Have you seen the latest Oxfam advert – the one which is causing all the controversy? If not, here it is:
Oxfam’s poster brings home in a very direct way the situation as regards UK poverty today.
That situation in turn shows the effects of the Lib Dem and Tory Coalition’s ‘long term economic plan’ – to make the poor pay for the economic failures of the rich.

Not surprisingly, it has made neither the right wing press nor some Tories very happy.

Under the headline, ‘Oxfam’s latest poster is crude Labour propaganda. Time to cancel your standing order’, Damian Thompson, the Daily Telegraph’s Editor of Telegraph Blogs and regular columnist, writes:
“Oxfam’s latest ad campaign – “The Perfect Storm, starring zero hour contracts, high prices, benefits cuts…” – makes Owen Jones look subtle (H/T Tim Montgomerie). It’s agitprop, pure and simple. If you’re a Left-wing activist, you’ll be happy. If not, and you currently support Oxfam, you might want to cancel your standing order.”

So what is this all about?

Oxfam’s ‘Below the Breadline’ report, compiled in conjunction with Church Action on Poverty and the Trussell Trust, reveals a scandalous situation in Britain in 2014.
Oxfam’s website claims:
“Today, Britain is a country where one in five people live below the poverty line and life expectancy in some areas is lower than in some developing countries. Yet the rich keep getting richer opening up a massive inequality gap. In fact, the UK is on course to become one of the most unequal countries in the industrialised world.”
It continues:
“Another fallout from the ‘perfect storm’ that many people face every day – rising prices, unfair working conditions, benefit cuts, reduced buying power – is that a growing number of families are facing food poverty.
“It seems unbelievable in the 21st century that in the UK – the world’s seventh wealthiest nation – people are going hungry. Increasing numbers of people are being forced to use food banks in order to feed their families.”

And here is what the Trussell Trust has to say:
“Every day people in the UK go hungry for reasons ranging from redundancy to receiving an unexpected bill on a low income. Trussell Trust foodbanks provide a minimum of three days emergency food and support to people experiencing crisis in the UK.
“In 2013-14 foodbanks fed 913,138 people nationwide. Of those helped, 330,205 were children.
“Rising food and fuel prices, static incomes, underemployment and changes to benefits are some of the reasons why increasing numbers are being referred to foodbanks for emergency food.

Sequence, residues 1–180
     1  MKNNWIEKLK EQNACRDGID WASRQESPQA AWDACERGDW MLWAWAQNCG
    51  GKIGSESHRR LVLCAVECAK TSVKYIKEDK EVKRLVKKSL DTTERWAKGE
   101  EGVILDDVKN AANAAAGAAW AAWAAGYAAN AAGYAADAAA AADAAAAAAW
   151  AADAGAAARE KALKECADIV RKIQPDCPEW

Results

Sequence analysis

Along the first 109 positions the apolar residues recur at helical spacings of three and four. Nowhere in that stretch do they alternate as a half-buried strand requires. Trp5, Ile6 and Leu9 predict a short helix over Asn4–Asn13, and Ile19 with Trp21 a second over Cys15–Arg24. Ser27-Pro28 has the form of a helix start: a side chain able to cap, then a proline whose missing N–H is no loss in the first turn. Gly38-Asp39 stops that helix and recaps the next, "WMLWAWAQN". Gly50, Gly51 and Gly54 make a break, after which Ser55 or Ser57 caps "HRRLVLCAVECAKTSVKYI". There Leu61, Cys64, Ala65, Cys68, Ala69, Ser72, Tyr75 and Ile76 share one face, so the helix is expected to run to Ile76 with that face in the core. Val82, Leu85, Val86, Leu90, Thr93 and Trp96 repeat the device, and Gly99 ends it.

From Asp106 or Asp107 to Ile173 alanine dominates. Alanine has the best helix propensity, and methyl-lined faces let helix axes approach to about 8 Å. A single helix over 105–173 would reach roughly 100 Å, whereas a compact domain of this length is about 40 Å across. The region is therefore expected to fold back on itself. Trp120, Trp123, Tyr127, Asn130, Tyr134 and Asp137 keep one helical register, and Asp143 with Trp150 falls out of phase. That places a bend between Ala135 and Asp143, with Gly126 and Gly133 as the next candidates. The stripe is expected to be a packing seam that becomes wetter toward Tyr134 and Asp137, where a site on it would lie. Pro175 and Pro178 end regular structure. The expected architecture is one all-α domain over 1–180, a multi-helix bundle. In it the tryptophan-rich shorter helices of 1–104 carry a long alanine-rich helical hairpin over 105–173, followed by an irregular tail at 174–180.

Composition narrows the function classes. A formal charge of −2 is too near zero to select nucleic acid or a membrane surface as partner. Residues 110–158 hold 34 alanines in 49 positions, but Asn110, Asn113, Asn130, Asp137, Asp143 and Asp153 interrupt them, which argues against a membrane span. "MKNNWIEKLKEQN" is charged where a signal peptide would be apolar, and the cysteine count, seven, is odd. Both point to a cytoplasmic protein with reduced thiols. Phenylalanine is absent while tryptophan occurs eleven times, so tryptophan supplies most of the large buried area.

“The Trussell Trust partners with churches and communities to open new foodbanks nationwide. With over 420 foodbanks currently launched, our goal is for every town to have one.”

For more details on the Trussell Trust’s work see: http://www.trusselltrust.org/foodbank-projects

Some Tory MPs have now referred Oxfam to the Charities Commissioner – on the grounds that Oxfam has breached the rules on political campaigning. We doubt whether the Commissioner wil uphold the objection.
As its own guidelines state
‘Campaigning and political activity can be legitimate and valuable activities to undertake.

However, political campaigning, or political activity, as defined in this guidance, must be undertaken by a charity only in the context of supporting the delivery of its charitable purposes.
A charity can campaign using emotive or controversial material, where this is lawful and justifiable in the context of the campaign. Such material must be factually accurate and have a legitimate evidence base.

The principles of charity campaigning and political activity are the same, whether the activity is carried out in the United Kingdom or overseas.’

Uncomfortable truths have to be stated. Oxfam were surely right to highlight what they perceive as the situation. The fact that it is close to home makes it appear different from their usual statements. But as they themselves state ‘Oxfam is a global movement of people who share the belief that, in a world rich in resources, poverty isn’t inevitable. It’s an injustice which can, and must, be overcome.’ Poverty – and its injustice – are their business, wherever it is found. This is why Oxfam was founded, it is why it exists.

No doubt some people will follow Mr Thompson’s suggestion and stop giving to Oxfam.
But we are confident that most fair-minded Britons will respond by continuing to support their local Oxfam shops and Trussell Trust food banks.



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